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Rivian’s updated R2 electric SUV gets a retro-inspired crossover sibling

Rivian is having a big moment. Last week, the company launched its new R2 SUV with a starting price of around $45,000 and about 300 miles of range with the larger battery pack. That’s roughly 40 percent cheaper than the brand’s larger three-row R1S, which debuted for model year 2022.

In a surprise move, Rivian unveiled its even-smaller R3 compact hatchback SUV and performance-oriented R3X. Chief design officer Jeff Hammoud told The Drive that the R3’s sloped backside was inspired by Group B rally cars, and its shape is a noticeable departure from the chopped rear of the R1S. Here’s the backstory of what Rivian is up to. 

The new R2… and surprise! An R3

Electric Vehicles photo
The R2 “frunk.” Image: Kristin Shaw / PopSci

The newest vehicles in the Rivian lineup share a fresh midsize EV platform, which the automaker says reduces the number of parts through consolidation and intelligent design. Both the R2 and R3 will be available with three motor configuration options: single-motor, rear-wheel drive; dual-motor, all-wheel drive; and a three-motor setup with two motors in the rear and one in front.

Less than 24 hours after the launch, more than 68,000 reservations poured in for the R2. It doesn’t hurt that Rivian unveiled a slew of custom accessories for the new EV line, including rooftop tents and other outdoorsy options. The announcement that Rivian models will be able to be charged up at Tesla Superchargers helps as well. Following Ford’s lead, Rivian models can connect to Superchargers with an available adapter that’s about the size of a 1.5-pound bag of coffee beans. And finally, the price tag of less than $45,000 will put the R2 in a competitive bracket with other EVs and will be more affordable for families.  

While it might have seemed like a head-scratcher to some that Rivian upstaged its own R2 reveal to pull the curtain off the R3 and R3X, it’s a move that brings major buzz to a scrappy EV brand looking for a win. With investing analysts giving Rivian middling marks recently as EV demand appears to wane, the EV builder is looking for all the interest it can generate.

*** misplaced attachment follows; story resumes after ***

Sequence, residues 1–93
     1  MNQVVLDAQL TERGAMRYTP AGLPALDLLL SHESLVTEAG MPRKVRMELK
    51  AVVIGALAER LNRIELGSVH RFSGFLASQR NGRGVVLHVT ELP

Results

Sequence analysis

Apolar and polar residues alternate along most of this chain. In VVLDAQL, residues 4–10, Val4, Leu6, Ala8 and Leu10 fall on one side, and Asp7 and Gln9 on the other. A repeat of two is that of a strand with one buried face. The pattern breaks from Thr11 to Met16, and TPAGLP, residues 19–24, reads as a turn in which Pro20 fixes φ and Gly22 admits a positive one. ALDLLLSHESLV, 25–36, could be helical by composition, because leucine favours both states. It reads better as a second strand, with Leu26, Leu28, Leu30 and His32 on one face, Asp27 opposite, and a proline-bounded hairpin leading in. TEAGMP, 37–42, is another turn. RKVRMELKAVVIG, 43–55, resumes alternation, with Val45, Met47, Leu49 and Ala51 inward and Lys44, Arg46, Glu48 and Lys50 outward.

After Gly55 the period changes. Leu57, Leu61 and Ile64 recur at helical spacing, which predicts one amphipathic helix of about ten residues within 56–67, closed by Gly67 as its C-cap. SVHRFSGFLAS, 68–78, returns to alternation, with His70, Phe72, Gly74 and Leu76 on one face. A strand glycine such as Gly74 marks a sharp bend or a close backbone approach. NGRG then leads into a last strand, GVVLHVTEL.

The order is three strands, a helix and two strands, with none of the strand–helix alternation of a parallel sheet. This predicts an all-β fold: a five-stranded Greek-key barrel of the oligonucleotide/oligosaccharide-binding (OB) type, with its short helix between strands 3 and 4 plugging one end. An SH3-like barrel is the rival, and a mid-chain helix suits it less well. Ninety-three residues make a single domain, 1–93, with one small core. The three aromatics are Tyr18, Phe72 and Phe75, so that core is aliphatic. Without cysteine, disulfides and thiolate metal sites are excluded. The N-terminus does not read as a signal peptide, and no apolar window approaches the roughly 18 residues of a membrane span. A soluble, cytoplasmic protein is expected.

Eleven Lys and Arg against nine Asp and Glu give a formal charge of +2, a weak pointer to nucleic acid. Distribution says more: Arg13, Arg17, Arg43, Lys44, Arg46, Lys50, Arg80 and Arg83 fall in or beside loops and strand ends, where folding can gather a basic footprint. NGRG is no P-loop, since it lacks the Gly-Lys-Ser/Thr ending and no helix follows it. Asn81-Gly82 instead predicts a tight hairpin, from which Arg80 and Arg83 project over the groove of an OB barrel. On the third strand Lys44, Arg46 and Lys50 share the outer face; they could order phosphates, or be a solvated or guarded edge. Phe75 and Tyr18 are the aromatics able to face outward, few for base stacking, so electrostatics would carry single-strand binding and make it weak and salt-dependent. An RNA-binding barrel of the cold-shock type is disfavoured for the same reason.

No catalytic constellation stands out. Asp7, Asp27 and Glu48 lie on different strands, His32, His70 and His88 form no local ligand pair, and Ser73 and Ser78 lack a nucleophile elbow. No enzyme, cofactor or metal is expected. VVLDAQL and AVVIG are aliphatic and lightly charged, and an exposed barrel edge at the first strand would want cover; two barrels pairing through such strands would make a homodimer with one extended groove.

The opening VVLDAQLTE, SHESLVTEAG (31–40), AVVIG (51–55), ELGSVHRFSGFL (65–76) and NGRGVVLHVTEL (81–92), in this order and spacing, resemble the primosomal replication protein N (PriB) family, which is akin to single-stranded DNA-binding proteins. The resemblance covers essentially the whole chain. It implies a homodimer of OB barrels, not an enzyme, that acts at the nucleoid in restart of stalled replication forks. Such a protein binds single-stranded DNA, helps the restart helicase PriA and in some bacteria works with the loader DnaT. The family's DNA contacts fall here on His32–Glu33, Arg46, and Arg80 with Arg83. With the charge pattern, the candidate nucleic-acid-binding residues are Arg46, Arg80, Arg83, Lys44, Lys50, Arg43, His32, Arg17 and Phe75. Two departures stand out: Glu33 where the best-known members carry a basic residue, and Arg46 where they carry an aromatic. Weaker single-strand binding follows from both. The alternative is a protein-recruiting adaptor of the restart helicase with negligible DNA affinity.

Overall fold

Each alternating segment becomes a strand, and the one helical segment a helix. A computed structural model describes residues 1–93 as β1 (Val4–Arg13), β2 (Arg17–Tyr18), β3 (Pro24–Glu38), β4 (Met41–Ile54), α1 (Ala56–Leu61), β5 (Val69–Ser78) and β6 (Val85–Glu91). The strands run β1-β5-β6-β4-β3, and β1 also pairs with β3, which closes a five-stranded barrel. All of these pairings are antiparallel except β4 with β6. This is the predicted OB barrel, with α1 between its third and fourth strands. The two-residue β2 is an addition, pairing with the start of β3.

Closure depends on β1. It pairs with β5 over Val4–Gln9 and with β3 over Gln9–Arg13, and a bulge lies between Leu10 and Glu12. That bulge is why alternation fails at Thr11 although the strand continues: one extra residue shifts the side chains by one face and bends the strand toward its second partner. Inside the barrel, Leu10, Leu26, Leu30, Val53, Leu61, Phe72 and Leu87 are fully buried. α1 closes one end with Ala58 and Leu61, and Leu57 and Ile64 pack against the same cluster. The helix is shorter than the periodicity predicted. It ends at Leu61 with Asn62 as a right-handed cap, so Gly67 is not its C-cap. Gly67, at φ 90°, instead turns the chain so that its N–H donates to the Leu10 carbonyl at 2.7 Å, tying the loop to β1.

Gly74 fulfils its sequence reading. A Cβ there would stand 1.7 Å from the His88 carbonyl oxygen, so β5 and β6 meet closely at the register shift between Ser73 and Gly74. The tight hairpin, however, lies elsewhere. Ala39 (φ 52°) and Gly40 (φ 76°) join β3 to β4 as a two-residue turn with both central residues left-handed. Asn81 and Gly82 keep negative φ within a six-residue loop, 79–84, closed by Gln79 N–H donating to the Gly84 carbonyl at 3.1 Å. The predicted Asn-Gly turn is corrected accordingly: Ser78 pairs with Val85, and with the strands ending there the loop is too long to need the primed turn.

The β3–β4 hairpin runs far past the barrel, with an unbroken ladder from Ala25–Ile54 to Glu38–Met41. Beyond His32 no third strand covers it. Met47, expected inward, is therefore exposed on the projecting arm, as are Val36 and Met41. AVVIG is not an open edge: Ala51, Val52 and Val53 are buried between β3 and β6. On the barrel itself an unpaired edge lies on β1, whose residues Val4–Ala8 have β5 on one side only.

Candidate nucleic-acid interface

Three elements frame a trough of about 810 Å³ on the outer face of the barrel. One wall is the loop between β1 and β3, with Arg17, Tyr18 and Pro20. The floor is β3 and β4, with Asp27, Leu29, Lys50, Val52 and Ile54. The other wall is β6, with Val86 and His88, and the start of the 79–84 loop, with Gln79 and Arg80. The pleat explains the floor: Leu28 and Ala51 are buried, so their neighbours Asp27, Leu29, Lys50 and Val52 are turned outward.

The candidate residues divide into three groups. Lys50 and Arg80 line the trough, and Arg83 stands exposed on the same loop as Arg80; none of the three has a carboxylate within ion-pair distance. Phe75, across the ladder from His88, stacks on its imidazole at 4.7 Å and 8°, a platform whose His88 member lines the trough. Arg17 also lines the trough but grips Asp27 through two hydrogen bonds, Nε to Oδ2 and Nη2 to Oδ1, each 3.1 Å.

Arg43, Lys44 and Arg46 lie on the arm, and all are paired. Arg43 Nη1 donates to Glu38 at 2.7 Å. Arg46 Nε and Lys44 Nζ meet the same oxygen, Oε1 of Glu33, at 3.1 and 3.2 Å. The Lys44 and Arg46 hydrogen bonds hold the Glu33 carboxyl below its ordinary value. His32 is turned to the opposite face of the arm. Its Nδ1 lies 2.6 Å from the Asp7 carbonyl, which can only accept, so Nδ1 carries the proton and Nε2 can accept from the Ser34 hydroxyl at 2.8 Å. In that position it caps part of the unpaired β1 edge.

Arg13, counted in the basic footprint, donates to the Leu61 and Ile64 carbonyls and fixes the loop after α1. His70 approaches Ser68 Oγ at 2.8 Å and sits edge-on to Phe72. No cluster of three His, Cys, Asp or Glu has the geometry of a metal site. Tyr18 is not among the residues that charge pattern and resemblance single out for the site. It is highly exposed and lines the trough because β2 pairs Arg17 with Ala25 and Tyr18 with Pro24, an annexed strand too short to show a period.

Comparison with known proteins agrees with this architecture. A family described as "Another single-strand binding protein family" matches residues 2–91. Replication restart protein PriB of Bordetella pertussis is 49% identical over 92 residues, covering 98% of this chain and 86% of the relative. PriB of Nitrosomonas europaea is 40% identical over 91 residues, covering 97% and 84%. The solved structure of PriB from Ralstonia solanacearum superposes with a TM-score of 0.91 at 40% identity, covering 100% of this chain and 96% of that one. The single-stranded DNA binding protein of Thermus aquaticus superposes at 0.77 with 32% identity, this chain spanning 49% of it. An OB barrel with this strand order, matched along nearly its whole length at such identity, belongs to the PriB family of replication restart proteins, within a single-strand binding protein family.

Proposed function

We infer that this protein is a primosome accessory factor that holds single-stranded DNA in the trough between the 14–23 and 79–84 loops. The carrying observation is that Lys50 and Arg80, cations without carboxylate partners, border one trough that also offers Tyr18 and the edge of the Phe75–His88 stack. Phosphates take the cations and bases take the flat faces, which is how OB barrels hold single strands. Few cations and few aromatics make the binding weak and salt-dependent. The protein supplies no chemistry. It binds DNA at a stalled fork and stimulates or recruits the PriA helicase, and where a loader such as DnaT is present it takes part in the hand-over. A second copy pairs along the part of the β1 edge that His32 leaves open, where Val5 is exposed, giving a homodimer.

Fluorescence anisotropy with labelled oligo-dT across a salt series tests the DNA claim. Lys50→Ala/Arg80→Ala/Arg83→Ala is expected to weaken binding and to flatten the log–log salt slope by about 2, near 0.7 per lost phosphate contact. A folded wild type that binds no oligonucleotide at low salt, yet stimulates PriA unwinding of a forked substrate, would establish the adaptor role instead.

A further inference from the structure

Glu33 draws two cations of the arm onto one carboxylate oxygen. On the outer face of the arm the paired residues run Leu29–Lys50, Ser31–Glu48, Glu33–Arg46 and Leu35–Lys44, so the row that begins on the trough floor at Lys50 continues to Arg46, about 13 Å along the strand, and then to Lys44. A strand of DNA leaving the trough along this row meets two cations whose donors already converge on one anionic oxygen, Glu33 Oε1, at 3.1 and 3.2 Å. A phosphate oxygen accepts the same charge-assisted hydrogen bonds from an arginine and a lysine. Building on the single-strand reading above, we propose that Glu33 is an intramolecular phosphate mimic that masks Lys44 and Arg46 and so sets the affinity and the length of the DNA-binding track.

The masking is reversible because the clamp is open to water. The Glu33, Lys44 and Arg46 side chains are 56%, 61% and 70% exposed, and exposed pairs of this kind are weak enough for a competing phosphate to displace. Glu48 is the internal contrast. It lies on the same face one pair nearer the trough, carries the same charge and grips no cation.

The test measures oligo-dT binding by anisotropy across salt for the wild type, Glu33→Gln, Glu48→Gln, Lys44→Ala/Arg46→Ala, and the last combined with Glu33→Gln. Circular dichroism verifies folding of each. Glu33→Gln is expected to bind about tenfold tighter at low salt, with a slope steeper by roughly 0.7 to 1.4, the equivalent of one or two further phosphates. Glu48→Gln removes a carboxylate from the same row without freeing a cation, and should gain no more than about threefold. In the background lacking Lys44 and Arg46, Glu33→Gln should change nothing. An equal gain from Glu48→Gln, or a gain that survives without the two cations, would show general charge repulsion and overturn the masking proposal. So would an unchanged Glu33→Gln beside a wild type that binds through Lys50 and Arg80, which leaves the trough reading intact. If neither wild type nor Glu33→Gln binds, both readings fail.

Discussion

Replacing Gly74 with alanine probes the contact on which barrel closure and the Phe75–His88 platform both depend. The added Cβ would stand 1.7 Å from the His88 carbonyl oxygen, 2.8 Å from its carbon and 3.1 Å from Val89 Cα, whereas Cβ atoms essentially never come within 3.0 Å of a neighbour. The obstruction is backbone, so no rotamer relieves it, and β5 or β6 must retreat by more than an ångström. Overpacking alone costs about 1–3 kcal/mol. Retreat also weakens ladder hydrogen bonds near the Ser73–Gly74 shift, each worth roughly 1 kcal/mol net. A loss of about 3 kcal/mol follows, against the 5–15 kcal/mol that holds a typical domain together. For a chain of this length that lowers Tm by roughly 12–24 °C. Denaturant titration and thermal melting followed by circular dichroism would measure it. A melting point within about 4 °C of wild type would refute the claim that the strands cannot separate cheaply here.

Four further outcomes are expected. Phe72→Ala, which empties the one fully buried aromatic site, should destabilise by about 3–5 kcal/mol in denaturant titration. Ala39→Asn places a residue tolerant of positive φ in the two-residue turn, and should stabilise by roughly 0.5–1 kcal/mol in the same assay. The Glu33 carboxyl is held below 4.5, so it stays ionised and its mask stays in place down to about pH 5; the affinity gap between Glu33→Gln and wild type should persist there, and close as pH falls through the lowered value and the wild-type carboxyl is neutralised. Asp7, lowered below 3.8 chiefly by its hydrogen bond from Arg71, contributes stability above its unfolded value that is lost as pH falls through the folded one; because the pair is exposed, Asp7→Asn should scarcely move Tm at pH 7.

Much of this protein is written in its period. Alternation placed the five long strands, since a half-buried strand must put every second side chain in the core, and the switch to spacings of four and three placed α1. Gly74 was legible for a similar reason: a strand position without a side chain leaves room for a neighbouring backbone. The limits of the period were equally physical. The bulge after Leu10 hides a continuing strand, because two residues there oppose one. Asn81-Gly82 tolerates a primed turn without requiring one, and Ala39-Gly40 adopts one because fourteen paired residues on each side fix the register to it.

Electric Vehicles photo
The debut of the R3 and R3X wasn’t the only surprise: The car’s retro-inspired design was also a departure for the brand. Image: Kristin Shaw / PopSci

During the reveal, Rivian also announced some key changes to its production plans. Its $5 billion Georgia plant is on pause as the automaker shifts manufacturing back to its Normal, Illinois facility. Rivian purchased the former Mitsubishi plant in 2017 and has been building its vehicles there while it runs most of its corporate operations in California. It also develops software in the Stanford Research Park in Palo Alto and builds motors in Los Angeles, and has other facilities in Plymouth, Michigan; Wittman, Arizona; Woking in the UK; Vancouver in Canada; and Belgrade, Serbia.

All-electric delivery vans shore up Rivian’s revenue

Electric vans are also part of Rivian’s overall plan for success. E-commerce giant Amazon invested $700 million in the brand and ordered 100,000 electric vans developed by Rivian, and while that’s an exclusive relationship currently, expect Rivian to branch out and broaden its portfolio. 

“While investors may have been focused on the over 68,000 R2 reservations in less than 24 hours after the unveiling, one of the company’s most critical stories will revolve around its electric van,” reported The Motley Fool. “That’s simply because not only is Rivian still set to deliver 100,000 vans to Amazon by 2030, the ending of their exclusive partnership opens the door for similar customers.” 

Rivian has produced solid vehicles over the last few years, providing an EV with better build quality than rival Tesla. During the grueling eight-day off-road Rebelle Rally competition, a pair of Rivian engineers took home the win in the middle of the desert in a Rivian R1T. Powered by a solar- and hydrogen-powered mobile truck, the R1T didn’t have any range challenges and proved its mettle.

Now we’ll see if the brand can scrabble its way toward profitability with two new models and more on the way.


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